The ‘Ikkarim is the last of the philosophical and theological classics of mediaeval Judaism, belonging to the same genre of literary works as the Emunot ve-Deot of Saadia, the Hobot ha-Lebabot of Bahya ibn Pakuda, the Cusari of Judah Halevi, the Emunah Ramah of Abraham ibn Daud, the Moreh Nebukim of Moses Maimonides, the Milhamot ha-Shem of Levi ben Gerson, the Or Adonai of Hasdai Crescas and other less important works, constituting the mediaeval philosophy of the Jews, for a detailed study of which the reader is referred to the present writer’s History of Mediaeval Jewish Philosophy, published in 1916. The eighteenth chapter of that work is devoted to a study of the philosophy of Joseph Albo.
Being virtually the last of the mediaeval Jewish philosophers and having no knowledge of the new spirit that was beginning in Italy as a result of the Renaissance—Albo was a contemporary of Georgius Gemisthus Pletho, who was most influential in reviving the study of Plato and Neo-Platonism in the Occident, and of his pupil Bessarion—Albo has nothing new to contribute to genuine philosophic thought. On the other hand, he was familiar with the works of his predecessors, Saadia, Judah Halevi, Maimonides, Gersonides, Crescas, and summed up their ideas in the ‘Ikkarim in a very popular and attractive style. There is a good deal of the homilist in Albo and he devotes many pages and chapters to lengthy—one might be so unkind as to say long-winded—interpretations of biblical and rabbinic passages, reading into them all sorts of metaphysical, ethical, psychological and theological ideas without regard to context, a method sanctioned by long usage which goes back to early rabbinical literature.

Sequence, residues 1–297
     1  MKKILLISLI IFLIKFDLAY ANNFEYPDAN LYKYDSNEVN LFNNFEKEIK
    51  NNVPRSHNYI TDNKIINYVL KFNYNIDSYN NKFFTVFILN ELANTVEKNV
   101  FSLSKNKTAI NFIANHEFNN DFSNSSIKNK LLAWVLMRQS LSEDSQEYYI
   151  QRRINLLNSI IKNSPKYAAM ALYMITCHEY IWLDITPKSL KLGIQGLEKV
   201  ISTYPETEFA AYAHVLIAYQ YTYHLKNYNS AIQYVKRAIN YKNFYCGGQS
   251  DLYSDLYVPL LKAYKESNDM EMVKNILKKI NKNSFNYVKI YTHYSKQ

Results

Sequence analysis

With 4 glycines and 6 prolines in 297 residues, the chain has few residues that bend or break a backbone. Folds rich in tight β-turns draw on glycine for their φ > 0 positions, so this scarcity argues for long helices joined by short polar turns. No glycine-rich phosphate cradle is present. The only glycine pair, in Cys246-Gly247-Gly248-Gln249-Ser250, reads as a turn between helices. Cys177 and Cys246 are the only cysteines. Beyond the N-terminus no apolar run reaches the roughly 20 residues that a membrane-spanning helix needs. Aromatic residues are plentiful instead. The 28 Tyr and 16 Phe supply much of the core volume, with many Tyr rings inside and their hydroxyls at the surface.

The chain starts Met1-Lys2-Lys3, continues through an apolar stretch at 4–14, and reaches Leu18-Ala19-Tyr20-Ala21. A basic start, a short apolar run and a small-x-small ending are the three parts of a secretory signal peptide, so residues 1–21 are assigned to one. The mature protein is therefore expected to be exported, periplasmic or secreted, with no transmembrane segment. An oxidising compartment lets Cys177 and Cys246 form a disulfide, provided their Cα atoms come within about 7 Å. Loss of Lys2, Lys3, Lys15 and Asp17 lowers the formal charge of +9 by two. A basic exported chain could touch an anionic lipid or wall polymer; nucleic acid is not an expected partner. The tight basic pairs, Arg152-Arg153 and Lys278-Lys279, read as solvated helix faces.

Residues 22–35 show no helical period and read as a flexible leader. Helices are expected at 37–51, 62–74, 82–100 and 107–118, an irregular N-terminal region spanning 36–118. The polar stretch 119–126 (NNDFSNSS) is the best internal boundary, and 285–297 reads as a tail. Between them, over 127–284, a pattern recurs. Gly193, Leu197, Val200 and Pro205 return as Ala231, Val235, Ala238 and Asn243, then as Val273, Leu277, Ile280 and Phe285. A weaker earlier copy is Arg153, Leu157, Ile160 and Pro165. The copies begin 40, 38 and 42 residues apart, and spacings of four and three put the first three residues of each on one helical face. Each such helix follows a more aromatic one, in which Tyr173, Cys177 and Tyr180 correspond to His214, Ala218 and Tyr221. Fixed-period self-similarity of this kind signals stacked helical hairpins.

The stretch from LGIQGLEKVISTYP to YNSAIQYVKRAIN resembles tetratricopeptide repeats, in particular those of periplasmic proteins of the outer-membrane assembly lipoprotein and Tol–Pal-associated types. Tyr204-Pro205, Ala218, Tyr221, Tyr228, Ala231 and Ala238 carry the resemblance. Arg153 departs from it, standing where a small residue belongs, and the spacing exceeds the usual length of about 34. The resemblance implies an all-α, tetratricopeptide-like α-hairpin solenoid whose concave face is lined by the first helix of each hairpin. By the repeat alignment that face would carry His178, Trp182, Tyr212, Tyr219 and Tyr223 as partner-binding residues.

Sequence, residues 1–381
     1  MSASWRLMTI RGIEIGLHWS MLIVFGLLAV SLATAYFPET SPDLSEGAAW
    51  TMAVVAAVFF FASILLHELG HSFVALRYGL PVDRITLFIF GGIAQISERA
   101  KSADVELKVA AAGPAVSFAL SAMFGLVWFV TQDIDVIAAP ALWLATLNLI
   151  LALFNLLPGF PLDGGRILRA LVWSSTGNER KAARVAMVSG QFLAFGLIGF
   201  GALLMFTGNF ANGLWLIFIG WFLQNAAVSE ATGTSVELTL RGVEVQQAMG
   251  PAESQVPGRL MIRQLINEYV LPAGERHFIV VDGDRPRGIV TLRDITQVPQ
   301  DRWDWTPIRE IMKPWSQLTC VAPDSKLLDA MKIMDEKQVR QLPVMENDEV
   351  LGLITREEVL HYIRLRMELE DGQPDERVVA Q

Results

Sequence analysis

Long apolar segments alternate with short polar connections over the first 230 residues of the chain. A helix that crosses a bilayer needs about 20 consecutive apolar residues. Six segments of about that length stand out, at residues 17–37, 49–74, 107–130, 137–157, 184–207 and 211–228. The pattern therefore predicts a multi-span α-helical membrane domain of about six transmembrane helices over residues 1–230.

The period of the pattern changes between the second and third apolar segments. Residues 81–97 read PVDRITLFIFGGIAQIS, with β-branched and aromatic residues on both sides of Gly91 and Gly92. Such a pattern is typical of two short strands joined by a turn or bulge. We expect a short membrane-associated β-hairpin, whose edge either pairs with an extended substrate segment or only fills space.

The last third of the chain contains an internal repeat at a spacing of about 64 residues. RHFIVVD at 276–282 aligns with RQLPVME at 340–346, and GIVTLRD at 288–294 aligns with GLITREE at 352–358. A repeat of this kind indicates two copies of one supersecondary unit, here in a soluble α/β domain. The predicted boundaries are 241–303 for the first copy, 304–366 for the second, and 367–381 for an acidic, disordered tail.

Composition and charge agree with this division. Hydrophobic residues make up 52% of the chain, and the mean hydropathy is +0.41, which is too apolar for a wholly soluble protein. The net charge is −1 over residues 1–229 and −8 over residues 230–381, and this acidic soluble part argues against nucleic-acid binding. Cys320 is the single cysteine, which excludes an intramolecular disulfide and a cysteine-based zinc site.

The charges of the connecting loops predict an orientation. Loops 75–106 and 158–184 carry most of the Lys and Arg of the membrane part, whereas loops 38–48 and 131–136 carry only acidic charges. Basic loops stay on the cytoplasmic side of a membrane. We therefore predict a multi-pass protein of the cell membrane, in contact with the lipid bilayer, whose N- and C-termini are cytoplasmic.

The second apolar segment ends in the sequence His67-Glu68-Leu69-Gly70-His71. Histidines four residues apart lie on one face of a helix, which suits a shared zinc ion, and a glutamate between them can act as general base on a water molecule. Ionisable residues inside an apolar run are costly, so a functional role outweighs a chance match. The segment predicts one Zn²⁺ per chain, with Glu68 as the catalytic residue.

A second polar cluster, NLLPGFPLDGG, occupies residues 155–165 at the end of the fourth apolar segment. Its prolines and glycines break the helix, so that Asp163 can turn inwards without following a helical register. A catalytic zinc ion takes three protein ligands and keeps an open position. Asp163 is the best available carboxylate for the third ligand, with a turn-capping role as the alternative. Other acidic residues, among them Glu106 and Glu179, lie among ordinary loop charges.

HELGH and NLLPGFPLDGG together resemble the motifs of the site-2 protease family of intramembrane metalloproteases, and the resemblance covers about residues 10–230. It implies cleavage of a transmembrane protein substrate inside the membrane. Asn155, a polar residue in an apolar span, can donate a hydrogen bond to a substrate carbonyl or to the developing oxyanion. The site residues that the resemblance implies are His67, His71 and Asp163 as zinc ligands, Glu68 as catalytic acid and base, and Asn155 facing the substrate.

Albo’s interest was, however, primarily concerned with Jewish dogma. Maimonides had made a list of thirteen fundamental principles of the Jewish faith, and Hasdai Crescas, the teacher of Albo, found fault with Maimonides and made a list of his own, distinguishing between fundamental doctrines, which he reduced to six, and true beliefs of which he enumerates eight. Albo followed in Crescas’ footsteps and reduced the basic dogmas to three: Existence of God, Reward and Punishment, and Revelation. Under these three he subsumes the derivative principles, of which he enumerates eight, making in all eleven.